Tag Archives: My Apartment in Chicago

Living Stories in Poetry and Pedagogy
By Daniel Camponovo

My Apartment in Chicago by Jack Murphy

“I am the magic marker’s missing cap,” Jack Murphy asserts in the first line of his new collection My Apartment in Chicago. He also calls himself Derrick Rose, Bob Dylan in 1963 or sometimes 1972, your grandmother’s lampshade, pink Starbusts, and a scratched off lottery ticket, among other miscellaneous objects. Drawn in by that first line, and intrigued by the writer the Chicagoist says “encapsulates avant-garde literature in all of its aspects,” I decided to take the poem’s title (“Hey There Stranger, Come Sit Down And Get To Know Me For A While”) to heart and meet the man at the West Loop’s Jupiter Outpost.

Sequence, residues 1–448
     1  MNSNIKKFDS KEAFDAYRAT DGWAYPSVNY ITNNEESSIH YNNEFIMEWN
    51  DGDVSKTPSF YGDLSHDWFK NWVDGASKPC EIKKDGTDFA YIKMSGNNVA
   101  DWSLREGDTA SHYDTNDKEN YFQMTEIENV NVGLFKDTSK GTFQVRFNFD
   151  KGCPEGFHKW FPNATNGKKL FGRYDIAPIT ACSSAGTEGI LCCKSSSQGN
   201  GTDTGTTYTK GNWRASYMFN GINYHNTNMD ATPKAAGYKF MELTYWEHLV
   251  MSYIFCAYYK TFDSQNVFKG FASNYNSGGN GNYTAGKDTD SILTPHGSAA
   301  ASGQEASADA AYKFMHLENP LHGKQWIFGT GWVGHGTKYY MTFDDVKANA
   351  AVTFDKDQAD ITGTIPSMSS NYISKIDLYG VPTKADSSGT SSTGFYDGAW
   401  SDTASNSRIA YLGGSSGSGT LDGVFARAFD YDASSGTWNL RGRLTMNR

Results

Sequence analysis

Jack Murphy, it turns out, is not Bob Dylan or root beer fizz or Derrick Rose (though he is a Chicagoan, through and through.) Jack Murphy is a 26-year-old teacher and writer, a graduate of DePaul University’s Writing and Publishing MA program, and an avid, rabid Bulls fan and self-proclaimed Derrick Rose defender. He is an iced tea drinker (see: “The Summer of Iced Tea”) and a former girls’ basketball coach. He is approachable, funny and insightful, able to alternate between pedagogy and Tom Thibodeau’s defensive system on the fly. Above all else, he is passionate about his work: the writing and the teaching, which he views as inextricable from each other. Continue reading

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